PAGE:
Faithful ministers will teach and urge these things. But, of course, Paul knows that not every minister is faithful and there are many false preachers and teachers in the world. When we were studying chapter 4, I made the point that the New Testament warns us in several places to expect false teachers to come. For instance, in Matthew 24, the Lord Jesus said that many false prophets will appear and they will deceive many people. In Acts 20, Paul warned the elders in Ephesus that false teachers would come to the church and others would arise from within the church. Peter in his second letter warned about false prophets and about scoffers who would come in these, the last days in which we live. Jude and John also warned about false prophets and scoffers. And in the book of Revelation, John saw a vision of two beasts: one represents how the Devil persecutes the church; and the other represents how the Devil deceives the church. And he deceives the church through false preachers and teachers.
And since that’s the case, it’s not surprising that Paul would write about false teachers throughout his letter to Timothy. And he returns to this topic in verse 3 where he refers to those who teach false doctrines and who do not agree to the sound instruction of our Lord Jesus Christ and to godly teaching. Paul refers to the ‘instruction of our Lord Jesus Christ’. He could be referring to the things which the Lord Jesus taught while he was on the earth. Or he could be referring to instruction about the Lord Jesus and about his life and death and resurrection and what it means for sinners. But perhaps we don’t have to choose between these two options, because the preacher is to teach the congregation the words and deeds of the Lord Jesus as they’re recorded for us in the four gospels; and he’s also to teach the congregation about the Lord Jesus from the rest of the Scriptures, because the whole of the Bible testifies to him in one way or another.
And Paul also refers to ‘godly teaching’, which probably refers to teaching which leads to living a godly life. God uses the reading and preaching of his word to sanctify his people so that we become more and more willing and able to do his will here on earth. Through the reading and preaching of his word he renews us in his image and enables us to live godly lives.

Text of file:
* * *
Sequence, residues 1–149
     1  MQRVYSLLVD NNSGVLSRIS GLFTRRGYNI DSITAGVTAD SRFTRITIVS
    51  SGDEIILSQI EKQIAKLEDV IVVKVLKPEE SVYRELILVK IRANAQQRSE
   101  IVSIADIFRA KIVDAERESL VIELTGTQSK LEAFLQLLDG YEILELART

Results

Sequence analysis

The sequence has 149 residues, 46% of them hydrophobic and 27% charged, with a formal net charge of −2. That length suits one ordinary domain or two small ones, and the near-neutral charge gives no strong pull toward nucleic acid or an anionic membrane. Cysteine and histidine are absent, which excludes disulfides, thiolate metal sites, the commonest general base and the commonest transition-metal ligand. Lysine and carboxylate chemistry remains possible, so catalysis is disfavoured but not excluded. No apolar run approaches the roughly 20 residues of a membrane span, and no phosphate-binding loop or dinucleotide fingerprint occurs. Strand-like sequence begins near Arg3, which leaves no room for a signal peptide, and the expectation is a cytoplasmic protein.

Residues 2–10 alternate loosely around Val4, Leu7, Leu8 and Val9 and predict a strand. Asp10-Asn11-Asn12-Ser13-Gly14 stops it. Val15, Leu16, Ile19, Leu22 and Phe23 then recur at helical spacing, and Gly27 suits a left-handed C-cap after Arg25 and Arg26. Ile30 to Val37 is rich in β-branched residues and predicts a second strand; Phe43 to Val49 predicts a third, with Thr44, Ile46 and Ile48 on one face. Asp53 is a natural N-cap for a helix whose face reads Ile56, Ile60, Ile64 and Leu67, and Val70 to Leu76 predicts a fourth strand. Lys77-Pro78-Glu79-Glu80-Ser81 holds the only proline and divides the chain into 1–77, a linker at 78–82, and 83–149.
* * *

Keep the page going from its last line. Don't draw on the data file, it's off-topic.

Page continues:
And Paul also refers to ‘sound’ teaching. Do you see that in verse 3? He’s using a medical word which can be translated ‘healthy’. Certain foods are healthy foods, because they are good for us; whereas other foods are unhealthy, because they’re bad for us. And the reading and preaching of God’s word is good for us. It promotes spiritual health in those who hear and believe it. But then there’s another kind of teaching which is not good for us. False teaching is not good for us. Teaching that twists God’s word or which undermines the truth of God’s word or teaching which keeps us from Christ is not good for us.
And so, Paul warns Timothy about those false teachers who teach false doctrines and who teach things which are bad for us. Such false teachers, he says, are conceited and they understand nothing. If you’ve ever come across a false teacher, you’ll know that they are conceited and proud, because they think they know so much more than everyone else. But the truth is that they know nothing about the truth faith. And, as Paul goes on to say, they have an unhealthy interest in controversies and quarrels about words. The faithful teacher studies the words of Scripture because he wants to teach the truth which he knows will be good for the congregation. But what the false teacher teaches doesn’t do anyone any good and it only leads to controversy. And that’s not the only thing their teaching leads to, because Paul goes on to tell us that their teaching leads to envy and to strife and to malicious talk and to evil suspicions and to constant friction. None of those are good things, are they? None of those are symptoms of a healthy congregation, are they? No, the unhealthy teaching of false teachers spreads disease and decay in the congregation.
And Paul refers to those who have been robbed of the truth of the gospel. Isn’t that a terrible thing? God sends out his preachers into the world to proclaim the truth of the gospel so that people everywhere will hear and believe and be saved. But instead of making known the truth of the gospel, these false teachers are depriving people of it. Instead of offering the truth of the gospel to sinners, they are withholding it from them. The one thing sinners need to hear is the truth about Jesus Christ who gave up his life for sinners. But these false teachers are keeping the people from hearing the good news.